AP Computer Science A focuses entirely on programming, particularly in Java, and would be equivalent to a college level introductory computer science course for computer science majors. Students must receive approval from the department, earn an A- or better in Introduction to Computer Science, or complete AP Computer Science Principles before enrolling in this rigorous course.
|One-Semester Courses with No Prerequisites||One-Semester Courses with Required Experience||Year-Long Courses with Prerequisites|
|CS Exploration and Creative Computing (grades 9-12)
||Computational Biology (prerequisite: Biology)
||AP Computer Science Principles (after one course)
|Introduction to Computer Science (grades 9-12)
||Web Applications and Development (previous experience required)
||AP Computer Science A (after AP Computer Science Principles or A- in Intro to CS or A- in Comp Bio)
|Advanced Topics 1: Data Structures and Algorithms (after AP CS A)
Advanced Topics 2: Coding for a Cause (after AT 1)
The below courses are entry level and have no prerequisite, and they all fulfill the Computer Science requirement.
CS EXPLORATION AND CREATIVE COMPUTING
Computer Science can be a medium for creativity, communication, problem solving, and fun. This course will expose students to computer science by developing a range of creative applications and artifacts. Using a variety of block-based languages, projects may include making art, making projects with tools from the Makerspace, and so much more! Students completing this course may take AP Computer Science Principles, but not AP Computer Science A. (1/2 unit, fall or spring; Grades 9, 10, 11, 12; no prerequisite)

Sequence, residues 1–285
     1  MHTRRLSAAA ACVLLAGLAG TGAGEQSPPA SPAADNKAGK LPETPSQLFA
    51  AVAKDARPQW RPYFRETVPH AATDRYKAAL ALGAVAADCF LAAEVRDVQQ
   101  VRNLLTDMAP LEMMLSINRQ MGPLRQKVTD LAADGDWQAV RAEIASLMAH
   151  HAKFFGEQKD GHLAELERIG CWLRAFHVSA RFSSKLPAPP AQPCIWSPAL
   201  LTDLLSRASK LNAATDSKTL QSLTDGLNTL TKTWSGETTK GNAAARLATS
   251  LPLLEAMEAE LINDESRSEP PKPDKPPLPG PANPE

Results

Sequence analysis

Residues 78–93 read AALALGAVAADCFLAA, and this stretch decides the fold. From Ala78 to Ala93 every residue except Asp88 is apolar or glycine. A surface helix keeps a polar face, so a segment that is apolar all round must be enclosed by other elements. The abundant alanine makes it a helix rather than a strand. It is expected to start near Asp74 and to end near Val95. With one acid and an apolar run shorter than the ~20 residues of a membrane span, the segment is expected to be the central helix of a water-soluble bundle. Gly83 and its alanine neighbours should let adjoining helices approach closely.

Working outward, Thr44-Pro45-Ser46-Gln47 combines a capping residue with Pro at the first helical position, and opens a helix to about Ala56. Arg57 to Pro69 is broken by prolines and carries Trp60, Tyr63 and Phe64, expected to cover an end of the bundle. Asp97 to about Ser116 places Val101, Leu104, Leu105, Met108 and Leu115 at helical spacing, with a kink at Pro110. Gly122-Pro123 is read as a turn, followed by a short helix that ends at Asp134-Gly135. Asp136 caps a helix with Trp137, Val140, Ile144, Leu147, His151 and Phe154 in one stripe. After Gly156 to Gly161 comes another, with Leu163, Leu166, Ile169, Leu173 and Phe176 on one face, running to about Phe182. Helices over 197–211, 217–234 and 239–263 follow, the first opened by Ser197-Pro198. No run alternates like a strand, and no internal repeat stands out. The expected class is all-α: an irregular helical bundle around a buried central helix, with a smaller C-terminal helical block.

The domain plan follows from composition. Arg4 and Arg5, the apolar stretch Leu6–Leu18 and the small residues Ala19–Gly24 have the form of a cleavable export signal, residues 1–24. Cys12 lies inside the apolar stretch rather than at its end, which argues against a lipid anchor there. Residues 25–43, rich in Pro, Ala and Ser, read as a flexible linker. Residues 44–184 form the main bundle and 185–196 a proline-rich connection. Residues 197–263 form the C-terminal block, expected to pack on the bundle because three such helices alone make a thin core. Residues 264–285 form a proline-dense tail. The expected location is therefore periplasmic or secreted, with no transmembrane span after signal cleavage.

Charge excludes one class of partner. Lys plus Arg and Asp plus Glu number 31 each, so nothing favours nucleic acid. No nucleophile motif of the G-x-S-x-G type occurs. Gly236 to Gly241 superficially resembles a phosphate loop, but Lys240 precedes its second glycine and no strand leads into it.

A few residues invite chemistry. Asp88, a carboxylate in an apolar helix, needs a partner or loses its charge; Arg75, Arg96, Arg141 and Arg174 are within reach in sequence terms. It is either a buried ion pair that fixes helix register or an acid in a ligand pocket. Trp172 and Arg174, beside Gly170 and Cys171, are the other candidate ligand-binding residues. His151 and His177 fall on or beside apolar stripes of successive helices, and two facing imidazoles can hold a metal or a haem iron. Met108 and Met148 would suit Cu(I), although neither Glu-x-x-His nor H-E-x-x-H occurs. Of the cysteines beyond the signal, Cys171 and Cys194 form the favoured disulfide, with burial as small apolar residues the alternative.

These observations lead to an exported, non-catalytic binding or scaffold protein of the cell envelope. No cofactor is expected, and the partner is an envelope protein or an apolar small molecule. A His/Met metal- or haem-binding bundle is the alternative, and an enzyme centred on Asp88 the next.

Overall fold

INTRODUCTION TO COMPUTER SCIENCE
One of the joys of computer science is learning to make things move and interacting with them on the screen. Capitalizing on this wonderful “Aha!” moment, this course explores the basic principles of Computer Science using the highly visual and interactive environment, Processing. Students in this course write their first interactive programs while learning object-oriented design and the fundamental tools of programming. Projects invite students to program or design interactive games. This course (or equivalent experience) is required to take Advanced Placement Computer Science A. (1/2 unit, fall or spring; Grades 9, 10, 11, 12; no prerequisite)